Looking For Nuance: How Text Analysis Works

Jeroen Reizevoort

Unstructured data in the form of reviews, social media messages, CRM records, call centre notes, and reactions to blog posts and articles contain valuable insights for business. As mere humans, we find it almost impossible to draw any conclusions from these large amounts of data. Machines, on the other hand, can do this using text analysis.

How exactly does that work? Online reviews are often a great source of information before we commit to a major purchase. We don’t look only at the number of stars; we also read comments from other customers. Subconsciously, we’re looking for key concepts that are relevant to the purchase, such as quality, service, comfort, and appearance. Subconsciously we analyse the unstructured texts written by others.

Missing nuances

It’s a different matter for organizations. They can also gain a lot of insights from unstructured texts, but there are simply too many texts to do it manually. This is why organizations are limiting themselves to computerized analysis of structured data (the number of stars mentioned above). They miss out on any nuance.

Grammar and semantics as a basis

Machines are now capable of putting computerized structure into unstructured text with the aid of text analysis. They do this more or less in the same way our brain does this. Both man and machine are using grammar and semantics Picture1as their support system. Grammar may not have been the favorite subject of many in elementary school, but basic grammar knowledge helps us to put structure in segments of text. Based on this structure (grammar) and our knowledge of the world/context (semantics), we are capable of finding the essence in unstructured text. This also applies to automated solutions.

In order to analyse text on a large scale, computers need to learn grammar and semantics. We call this computerized text analysis. Text analysis is the analysis of unstructured text, the extraction of relevant information from that text to then convert that information into structured information that is suitable for further analysis.

Structure is first created in sentences on the basis of the following steps:

  • Determine the language. Because languages apply different grammatical rules, it is essential to determine the language automatically.
  • Find the individual words. The text is divided into paragraphs, sentences, and words. Also bear in mind the removal of punctuation marks and the splitting of compounds.
  • Determine what the words are deduced from: “We thought the rooms were spacious and clean.” Thought -> think; rooms -> room.
  • Analyse the sentences. “[We, SUBJECT] [thought, FINITE VERB] [the rooms, DIRECT OBJECT] [spacious and clean, COMPLIMENT].”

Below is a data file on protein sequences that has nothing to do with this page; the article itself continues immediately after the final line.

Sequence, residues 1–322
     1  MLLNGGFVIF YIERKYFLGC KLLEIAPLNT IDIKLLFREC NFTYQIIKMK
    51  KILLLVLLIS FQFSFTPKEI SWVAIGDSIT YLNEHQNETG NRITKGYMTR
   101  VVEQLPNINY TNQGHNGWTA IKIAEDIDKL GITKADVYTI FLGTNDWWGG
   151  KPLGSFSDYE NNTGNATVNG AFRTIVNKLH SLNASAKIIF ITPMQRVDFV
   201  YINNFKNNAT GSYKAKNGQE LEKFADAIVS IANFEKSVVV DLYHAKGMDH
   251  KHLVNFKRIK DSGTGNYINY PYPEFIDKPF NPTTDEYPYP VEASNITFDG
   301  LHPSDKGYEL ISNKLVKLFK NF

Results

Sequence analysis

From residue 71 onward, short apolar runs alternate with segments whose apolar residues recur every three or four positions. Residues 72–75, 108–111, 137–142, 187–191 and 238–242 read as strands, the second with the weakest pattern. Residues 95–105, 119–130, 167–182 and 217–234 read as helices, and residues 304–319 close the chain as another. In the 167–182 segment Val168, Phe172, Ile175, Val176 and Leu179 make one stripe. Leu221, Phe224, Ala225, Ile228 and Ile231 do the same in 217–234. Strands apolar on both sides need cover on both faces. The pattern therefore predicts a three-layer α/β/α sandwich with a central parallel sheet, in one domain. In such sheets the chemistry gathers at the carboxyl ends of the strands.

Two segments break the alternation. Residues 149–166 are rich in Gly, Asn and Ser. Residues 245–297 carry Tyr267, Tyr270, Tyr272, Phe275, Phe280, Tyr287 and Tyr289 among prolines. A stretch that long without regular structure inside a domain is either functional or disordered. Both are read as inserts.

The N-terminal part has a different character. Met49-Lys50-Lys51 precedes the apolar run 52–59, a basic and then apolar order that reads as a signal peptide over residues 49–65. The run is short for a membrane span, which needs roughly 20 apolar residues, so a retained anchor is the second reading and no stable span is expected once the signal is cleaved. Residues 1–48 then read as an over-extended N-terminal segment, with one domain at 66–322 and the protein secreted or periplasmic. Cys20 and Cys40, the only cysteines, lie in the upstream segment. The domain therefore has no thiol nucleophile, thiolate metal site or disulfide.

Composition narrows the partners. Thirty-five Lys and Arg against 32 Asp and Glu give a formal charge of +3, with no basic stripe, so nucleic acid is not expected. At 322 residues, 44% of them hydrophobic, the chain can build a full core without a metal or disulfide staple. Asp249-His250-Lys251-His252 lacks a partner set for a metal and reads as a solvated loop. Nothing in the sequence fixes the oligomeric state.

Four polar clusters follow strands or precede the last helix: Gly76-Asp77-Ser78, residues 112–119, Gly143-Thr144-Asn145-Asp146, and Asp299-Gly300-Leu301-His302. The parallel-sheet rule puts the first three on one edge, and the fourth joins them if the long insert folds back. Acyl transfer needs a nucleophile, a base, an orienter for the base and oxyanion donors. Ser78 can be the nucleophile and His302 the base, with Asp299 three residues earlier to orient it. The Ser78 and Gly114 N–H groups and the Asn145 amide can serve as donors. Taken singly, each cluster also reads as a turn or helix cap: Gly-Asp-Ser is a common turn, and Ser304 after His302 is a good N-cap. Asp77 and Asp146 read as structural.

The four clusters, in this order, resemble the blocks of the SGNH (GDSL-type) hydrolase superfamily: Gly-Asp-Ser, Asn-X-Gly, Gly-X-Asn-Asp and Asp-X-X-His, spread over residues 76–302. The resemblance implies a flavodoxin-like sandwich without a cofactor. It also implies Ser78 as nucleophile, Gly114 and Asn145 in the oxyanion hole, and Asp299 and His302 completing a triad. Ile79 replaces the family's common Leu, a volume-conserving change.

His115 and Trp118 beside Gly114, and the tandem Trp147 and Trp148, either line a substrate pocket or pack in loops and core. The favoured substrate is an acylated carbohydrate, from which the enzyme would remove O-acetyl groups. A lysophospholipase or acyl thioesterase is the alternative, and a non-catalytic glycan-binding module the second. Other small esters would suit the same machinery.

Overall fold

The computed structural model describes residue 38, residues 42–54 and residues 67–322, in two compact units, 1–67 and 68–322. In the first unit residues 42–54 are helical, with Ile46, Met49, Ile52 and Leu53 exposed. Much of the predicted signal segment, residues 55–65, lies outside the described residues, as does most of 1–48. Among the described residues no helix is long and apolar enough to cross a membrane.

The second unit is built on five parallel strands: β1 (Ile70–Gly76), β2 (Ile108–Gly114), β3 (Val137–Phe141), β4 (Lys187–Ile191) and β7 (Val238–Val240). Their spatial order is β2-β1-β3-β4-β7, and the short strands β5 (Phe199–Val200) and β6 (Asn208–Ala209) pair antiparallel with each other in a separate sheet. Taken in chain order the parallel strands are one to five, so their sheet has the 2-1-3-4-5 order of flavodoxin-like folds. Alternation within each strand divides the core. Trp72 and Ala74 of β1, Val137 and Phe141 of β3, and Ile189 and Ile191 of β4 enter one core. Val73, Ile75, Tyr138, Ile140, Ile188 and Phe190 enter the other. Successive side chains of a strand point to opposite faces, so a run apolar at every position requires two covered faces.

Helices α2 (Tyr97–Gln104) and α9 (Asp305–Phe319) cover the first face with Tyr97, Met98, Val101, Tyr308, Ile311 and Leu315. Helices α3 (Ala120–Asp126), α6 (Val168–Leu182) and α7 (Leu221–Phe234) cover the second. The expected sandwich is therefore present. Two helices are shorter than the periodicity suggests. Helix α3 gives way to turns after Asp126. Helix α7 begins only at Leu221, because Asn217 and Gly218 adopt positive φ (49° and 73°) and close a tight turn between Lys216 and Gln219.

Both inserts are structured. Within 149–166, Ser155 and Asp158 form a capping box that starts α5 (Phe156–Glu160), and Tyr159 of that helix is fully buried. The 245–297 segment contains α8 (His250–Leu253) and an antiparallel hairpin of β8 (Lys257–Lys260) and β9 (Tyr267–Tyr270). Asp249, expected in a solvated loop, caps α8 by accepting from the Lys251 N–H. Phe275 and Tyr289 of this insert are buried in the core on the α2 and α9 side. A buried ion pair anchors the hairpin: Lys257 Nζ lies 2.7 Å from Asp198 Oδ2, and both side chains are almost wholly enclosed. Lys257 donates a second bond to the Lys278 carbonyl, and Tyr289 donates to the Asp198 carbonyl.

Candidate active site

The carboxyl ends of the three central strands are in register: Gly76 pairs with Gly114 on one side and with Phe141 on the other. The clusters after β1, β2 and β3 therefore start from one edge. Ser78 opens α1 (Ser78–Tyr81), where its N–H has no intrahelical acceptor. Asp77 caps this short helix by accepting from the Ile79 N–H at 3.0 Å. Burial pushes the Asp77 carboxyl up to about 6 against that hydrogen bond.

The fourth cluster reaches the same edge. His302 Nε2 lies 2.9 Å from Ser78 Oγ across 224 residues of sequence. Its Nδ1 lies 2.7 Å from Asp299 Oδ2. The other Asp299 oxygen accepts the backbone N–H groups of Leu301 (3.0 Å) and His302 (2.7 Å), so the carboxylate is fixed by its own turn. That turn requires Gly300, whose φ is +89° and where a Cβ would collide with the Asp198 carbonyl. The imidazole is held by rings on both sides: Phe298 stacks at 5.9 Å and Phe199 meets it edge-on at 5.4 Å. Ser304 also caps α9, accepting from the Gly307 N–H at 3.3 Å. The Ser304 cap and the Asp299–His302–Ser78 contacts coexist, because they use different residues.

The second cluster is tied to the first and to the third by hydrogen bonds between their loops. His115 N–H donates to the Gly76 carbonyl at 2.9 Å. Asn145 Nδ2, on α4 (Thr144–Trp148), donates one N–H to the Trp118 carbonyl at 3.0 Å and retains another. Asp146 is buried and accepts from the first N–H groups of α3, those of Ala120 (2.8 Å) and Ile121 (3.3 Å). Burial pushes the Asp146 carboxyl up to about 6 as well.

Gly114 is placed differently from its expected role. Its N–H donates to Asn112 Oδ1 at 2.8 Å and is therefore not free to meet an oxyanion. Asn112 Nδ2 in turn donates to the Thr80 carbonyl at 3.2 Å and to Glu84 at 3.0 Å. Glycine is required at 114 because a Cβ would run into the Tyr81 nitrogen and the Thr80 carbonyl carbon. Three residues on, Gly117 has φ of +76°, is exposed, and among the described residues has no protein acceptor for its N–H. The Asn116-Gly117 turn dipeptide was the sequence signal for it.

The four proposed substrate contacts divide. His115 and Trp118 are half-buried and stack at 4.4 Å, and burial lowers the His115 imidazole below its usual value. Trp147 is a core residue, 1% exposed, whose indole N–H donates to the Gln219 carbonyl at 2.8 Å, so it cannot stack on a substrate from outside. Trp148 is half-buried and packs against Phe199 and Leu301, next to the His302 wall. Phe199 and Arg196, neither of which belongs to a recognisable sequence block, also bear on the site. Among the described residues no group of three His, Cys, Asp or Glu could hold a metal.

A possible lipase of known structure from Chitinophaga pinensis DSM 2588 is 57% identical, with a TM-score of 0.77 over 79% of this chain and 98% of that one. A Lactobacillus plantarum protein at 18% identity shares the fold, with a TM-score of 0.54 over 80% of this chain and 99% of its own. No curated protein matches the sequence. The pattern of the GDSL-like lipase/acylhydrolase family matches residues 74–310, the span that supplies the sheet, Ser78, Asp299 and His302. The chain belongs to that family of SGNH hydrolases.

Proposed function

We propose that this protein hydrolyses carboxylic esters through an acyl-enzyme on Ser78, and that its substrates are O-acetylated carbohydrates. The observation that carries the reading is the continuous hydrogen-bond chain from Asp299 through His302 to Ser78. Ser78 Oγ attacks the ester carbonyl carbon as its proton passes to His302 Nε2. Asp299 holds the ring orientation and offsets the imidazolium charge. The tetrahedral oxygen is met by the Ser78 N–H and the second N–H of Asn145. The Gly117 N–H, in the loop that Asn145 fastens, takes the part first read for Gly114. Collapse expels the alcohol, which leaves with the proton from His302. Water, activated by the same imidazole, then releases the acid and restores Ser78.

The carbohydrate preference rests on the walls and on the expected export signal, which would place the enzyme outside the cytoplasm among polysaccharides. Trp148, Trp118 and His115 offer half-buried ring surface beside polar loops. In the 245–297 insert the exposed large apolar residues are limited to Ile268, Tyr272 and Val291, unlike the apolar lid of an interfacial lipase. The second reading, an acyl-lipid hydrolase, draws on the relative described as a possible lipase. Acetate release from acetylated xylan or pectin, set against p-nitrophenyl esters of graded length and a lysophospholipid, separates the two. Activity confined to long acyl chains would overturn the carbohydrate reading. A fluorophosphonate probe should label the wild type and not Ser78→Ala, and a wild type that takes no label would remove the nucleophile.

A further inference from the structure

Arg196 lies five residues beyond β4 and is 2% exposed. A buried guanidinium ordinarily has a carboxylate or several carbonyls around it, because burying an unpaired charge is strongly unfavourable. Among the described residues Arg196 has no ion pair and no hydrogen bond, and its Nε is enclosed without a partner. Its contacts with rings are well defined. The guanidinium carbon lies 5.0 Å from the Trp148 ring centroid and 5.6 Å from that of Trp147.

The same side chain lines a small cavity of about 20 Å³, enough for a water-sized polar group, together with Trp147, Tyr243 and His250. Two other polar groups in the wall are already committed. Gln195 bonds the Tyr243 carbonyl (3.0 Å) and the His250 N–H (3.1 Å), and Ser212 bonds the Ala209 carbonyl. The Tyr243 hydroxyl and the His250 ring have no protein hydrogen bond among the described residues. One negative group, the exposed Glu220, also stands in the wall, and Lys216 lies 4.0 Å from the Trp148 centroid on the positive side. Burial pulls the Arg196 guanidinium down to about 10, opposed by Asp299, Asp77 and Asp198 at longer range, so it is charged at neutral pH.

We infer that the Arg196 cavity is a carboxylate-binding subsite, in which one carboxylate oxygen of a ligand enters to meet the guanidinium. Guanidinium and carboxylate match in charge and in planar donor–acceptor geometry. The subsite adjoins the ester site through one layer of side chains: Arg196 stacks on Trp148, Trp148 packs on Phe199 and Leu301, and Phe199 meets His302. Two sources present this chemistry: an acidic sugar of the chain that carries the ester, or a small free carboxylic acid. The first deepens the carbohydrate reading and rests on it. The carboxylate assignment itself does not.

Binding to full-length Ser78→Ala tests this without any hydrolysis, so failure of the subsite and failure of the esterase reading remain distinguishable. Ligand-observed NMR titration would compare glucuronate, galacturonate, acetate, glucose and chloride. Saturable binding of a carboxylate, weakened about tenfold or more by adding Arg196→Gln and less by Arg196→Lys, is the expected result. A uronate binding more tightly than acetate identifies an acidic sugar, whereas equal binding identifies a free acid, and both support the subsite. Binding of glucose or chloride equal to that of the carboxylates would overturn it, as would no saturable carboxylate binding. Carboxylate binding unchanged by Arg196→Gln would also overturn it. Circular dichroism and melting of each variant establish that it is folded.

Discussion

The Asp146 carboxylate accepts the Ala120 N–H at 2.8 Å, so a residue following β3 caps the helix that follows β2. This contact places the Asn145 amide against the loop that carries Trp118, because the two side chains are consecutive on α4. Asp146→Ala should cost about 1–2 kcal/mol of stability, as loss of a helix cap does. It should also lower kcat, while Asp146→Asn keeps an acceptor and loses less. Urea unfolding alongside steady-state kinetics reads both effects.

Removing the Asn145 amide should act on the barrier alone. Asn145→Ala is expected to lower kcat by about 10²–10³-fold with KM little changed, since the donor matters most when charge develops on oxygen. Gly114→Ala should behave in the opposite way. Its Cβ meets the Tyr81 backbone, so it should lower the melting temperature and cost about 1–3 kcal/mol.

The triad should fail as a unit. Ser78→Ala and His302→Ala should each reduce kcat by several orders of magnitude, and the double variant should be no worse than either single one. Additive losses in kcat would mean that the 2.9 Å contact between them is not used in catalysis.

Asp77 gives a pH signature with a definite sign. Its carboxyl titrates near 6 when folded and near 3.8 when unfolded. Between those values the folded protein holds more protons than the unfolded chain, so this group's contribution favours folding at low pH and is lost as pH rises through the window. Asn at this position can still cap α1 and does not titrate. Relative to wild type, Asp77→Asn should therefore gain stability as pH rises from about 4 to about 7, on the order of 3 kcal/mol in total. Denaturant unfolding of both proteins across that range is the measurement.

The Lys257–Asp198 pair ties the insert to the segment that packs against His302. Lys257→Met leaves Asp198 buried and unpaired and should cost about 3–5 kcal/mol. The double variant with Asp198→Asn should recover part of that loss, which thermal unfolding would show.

Once the unstructured sentences are given structure, we can perform a sentiment analysis on the text. A hotel chain, for example, can deduct from the sentence, “We thought the rooms were spacious and clean” that this client had a positive opinion about the size of the room and hygiene. Had the client written, “We thought the rooms were very spacious and reasonably clean,” then the analysis would show that the client was very positive about the aspect size of the room and moderately positive on the aspect hygiene.

Context-dependent

Whether characteristics such as small, slow, etc. should be explained as positive or negative depends on the context in which they are used. The aspect quick is positive for a fast-food restaurant, but likely negative for enthusiasts of more relaxed dining.

Words also have a different meaning depending on the context in which they are used. The expression “breaking the bank,” for example, doesn’t mean we are literally tearing down the bank.

We therefore often use domain specific word lists for a more effective text analysis. The use of these lists makes the solution more intelligent. Human experts add that intelligence (semantics) per domain.

Applications

So far, I have positioned text analysis for sentiment analysis, but this is only one possible application. Here are some other examples:

  • matching applicants to vacancies
  • automatically reply to customers’ emails
  • analysis and categorization of scientific articles (the number of scientific publications doubles every 9 years)
  • analysis of medical files (approximately 80% of the content of medical files consists of unstructured text).

There are even experimental websites that analyse your personality on the basis of your LinkedIn profile. It may only be a matter of time before dating sites will add this service.

Wealth of information

Text analysis will help us use the wealth of information hidden in the growing mountain of unstructured text. Domain-specific word lists can be used to refine results. In this way, text analysis contributes to machine learning. Soon we will be able to stop worrying about how we work our way through mountains of text to find all nuances.

Good. That means we finally have time to manually read a good book.

For more on how data can enhance marketing efforts, see Why Data-Driven Marketing Is The Next Big Thing.


About Jeroen Reizevoort

Jeroen has been working in IT for more than 25 years. In this period he has been active as a programmer, information analyst, project manager and, more recently, as pre-sales software architect. In this last role he has focused on integration, business process management, business rules management and mobile. Jeroen is currently working at SAP as pre-sales enterprise architect. He advises organizations on the definition of, and transition to, a modern, flexible architecture that is ready for the digital economy.